If you write JavaServer Pages or use Servlets to provide the functionality of your Web site, you're probably already aware of Tomcat. Tomcat is the Apache Foundation's reference implementation of the JavaServer Pages and Servlet technologies. Tomcat 3 covers the Servlet 2.2 and JSP 1.1 revisions, while Tomcat 4 covers Servlet 2.3 and JSP 1.2. Tomcat itself is part of the Jakarta Project, which is a suite of Java development tools developed through the Apache foundation.
Installing Tomcat itself is relatively easy — download the corresponding installer from the Tomcat pages at Apache, expand the files or run the installer, and then use the corresponding script to start up the Tomcat service. Tomcat has its own built-in HTTP service that handles and services requests from clients. We'll look at the specific steps later in this article.
To integrate the Tomcat server processes with the Apache HTTP server we need the mod_jkmodule, which implements the interface between Tomcat and Apache, combined with some small steps to configure Apache and Tomcat to our needs.
Tomcat is written in Java, while Apache and its modules are written in C, so how do the two work together?
Well, when Tomcat executes as well as creating an HTTP listener service, it also creates a number of "worker" processes responsible for executing JSPs/servlets. The mod_jk module is written in C, so it's incapable of interpreting Java classes directly. Instead, mod_jkcommunicates with the various worker processes created by Tomcat through a network connection. There is, of course, slightly more to it than that, but the core execution is handled through Apache to Tomcat and back again.
There are some advantages to this method, even though it looks convoluted. The primary advantage is flexibility. For example, if you wanted to run Apache (and mod_jk) on one physical server but the Tomcat service and the actual JSPs and servlets on another machine, you can. Some companies use this method to provide an additional level of security, with the Tomcat server behind another firewall only accessible from the Apache server.
Another advantage is stability — if a significant failure within Tomcat caused it to fail completely, it wouldn't render your entire Apache service unusable, just your servlets and JSP pages.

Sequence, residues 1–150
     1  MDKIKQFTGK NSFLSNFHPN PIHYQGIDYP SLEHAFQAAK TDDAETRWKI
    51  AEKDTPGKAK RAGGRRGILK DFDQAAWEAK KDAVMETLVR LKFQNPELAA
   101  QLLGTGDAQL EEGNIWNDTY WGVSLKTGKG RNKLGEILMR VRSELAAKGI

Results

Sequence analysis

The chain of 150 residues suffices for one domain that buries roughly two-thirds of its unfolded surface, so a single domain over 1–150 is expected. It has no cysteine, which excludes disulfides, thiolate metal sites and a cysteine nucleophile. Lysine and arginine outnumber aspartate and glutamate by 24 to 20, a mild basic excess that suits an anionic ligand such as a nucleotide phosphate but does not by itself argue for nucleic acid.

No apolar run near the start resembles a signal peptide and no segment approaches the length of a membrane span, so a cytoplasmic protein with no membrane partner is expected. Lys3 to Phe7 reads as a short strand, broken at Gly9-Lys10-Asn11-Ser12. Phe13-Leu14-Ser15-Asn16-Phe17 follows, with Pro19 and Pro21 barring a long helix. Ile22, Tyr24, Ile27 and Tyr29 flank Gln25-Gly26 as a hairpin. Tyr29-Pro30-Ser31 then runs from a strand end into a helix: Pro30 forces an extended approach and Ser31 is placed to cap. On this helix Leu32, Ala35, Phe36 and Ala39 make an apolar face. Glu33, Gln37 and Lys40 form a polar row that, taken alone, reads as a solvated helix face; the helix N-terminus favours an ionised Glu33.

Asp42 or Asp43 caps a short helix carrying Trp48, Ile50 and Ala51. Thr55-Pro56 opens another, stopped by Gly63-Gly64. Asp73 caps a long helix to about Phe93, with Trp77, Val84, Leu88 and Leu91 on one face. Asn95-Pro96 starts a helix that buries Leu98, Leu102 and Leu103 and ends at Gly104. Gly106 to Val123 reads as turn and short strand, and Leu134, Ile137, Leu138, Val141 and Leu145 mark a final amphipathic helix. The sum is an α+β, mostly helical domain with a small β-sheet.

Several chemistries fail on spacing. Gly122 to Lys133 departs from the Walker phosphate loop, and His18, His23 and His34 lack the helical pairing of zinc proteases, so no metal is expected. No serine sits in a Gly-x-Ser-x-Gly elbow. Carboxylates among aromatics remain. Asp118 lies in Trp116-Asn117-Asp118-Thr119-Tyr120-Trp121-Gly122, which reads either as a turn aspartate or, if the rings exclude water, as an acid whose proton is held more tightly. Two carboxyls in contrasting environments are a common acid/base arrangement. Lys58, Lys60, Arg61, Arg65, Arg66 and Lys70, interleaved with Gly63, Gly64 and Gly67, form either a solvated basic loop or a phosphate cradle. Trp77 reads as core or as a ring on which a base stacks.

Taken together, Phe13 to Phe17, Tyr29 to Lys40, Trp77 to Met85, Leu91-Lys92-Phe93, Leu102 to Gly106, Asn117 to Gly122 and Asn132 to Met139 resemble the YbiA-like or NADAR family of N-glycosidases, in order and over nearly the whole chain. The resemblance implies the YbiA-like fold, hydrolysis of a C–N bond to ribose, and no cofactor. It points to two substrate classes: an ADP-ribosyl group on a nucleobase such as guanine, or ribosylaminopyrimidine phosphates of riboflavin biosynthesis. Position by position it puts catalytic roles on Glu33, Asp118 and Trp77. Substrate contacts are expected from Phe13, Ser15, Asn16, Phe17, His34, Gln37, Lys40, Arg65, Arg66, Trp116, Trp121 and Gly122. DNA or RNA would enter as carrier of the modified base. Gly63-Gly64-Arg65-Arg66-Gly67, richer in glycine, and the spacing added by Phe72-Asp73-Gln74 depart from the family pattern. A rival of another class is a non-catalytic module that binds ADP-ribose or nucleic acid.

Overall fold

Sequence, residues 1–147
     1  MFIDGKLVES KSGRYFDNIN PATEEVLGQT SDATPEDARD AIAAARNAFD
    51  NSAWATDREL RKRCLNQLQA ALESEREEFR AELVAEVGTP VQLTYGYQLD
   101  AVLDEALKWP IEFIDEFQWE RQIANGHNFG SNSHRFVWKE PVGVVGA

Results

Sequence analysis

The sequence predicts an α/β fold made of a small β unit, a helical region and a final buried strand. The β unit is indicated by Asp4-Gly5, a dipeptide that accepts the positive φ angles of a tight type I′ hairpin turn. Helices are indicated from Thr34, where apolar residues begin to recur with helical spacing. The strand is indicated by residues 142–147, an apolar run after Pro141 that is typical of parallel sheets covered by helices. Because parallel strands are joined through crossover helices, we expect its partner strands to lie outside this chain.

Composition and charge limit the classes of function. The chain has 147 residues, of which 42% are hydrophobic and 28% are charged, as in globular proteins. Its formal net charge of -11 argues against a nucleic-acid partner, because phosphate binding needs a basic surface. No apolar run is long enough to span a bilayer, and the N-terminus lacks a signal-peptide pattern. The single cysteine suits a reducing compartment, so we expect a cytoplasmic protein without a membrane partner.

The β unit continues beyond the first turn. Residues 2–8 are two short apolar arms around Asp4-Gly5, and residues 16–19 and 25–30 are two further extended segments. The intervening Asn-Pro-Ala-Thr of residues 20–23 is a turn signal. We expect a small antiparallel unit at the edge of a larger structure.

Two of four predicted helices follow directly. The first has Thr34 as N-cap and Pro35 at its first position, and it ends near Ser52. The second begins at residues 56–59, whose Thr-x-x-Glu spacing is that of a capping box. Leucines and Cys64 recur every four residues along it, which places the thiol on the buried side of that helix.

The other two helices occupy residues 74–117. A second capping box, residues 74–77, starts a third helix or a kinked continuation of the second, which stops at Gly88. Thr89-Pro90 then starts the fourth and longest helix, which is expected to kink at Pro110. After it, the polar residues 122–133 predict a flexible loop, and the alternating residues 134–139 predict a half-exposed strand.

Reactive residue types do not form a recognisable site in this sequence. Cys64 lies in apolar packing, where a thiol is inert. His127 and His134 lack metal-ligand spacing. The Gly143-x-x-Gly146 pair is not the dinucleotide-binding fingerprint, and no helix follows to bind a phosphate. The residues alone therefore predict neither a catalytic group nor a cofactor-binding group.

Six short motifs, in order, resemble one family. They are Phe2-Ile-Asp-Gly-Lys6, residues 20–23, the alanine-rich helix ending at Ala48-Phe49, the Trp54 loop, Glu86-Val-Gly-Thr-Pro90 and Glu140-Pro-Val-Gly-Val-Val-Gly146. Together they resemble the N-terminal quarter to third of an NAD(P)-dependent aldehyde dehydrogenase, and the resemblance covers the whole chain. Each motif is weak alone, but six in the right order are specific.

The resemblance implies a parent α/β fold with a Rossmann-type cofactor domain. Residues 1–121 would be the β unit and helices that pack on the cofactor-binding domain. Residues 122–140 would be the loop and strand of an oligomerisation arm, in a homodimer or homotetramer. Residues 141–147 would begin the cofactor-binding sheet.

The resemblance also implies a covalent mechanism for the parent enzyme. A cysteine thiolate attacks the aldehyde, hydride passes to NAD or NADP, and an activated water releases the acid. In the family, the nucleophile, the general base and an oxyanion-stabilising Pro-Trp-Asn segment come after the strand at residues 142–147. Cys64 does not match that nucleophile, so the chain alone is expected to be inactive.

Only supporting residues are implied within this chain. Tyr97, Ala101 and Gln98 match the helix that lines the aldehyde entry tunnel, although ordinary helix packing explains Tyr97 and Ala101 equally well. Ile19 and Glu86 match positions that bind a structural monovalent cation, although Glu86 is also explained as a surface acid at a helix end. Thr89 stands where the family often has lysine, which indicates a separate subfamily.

We'll be using Tomcat 4.1.18, although the connector pack we'll be using will actually work with any version of Tomcat you want to use.
Tomcat is very easy to install, as the only prerequisite is Java. If you don't already have the Java SDK (you need the SDK rather than the runtime) you can get a copy of Java for most platforms here.
After you've installed Java, make sure you set your JAVA_HOME environment variable to point to your Java installation, as it's needed not only by Tomcat but also by other tools we use in this article. You'll probably also want to set your PATH variable to point to the bindirectory within the Java directory so you have easy access to all the Java tools.
Now download Tomcat. There's no installer under Unix/OS X, so once downloaded, extract the package and then copy the directory created to where you want to store your Tomcat installation. Within Windows use the installer.
Once installed, you can startup and shutdown Tomcat using the provided scripts. These are in the bin directory and called startup (Windows) or startup.sh (Unix). By default Tomcat runs on port 8080. To change this, edit the file conf/server.xmlin the Tomcat directory and replace 8080 with the port number you want to use.
You can test your installation by opening up a web browser and entering a suitable URL for your machine.
Shutdown scripts are provided in the bindirectory if you want to shutdown your Tomcat installation.
The easiest way to get hold of a suitable mod_jk library is to go to the project's build directory. From there you'll find a number of directories for different platforms. Within each directory are two files, mod_jkfor use with Apache 1.3.x and the other for use with Apache 2.x.
Download the file and copy it into your libexec or modulesdirectory within your Apache server installation.
If you really want (or need) to, you can build your own mod_jk from the source. You'll need to download the Jakarta Tomcat Connectors pack. You'll also need Ant, the Apache Java build engine.
Original date of publication, 05/03/2003
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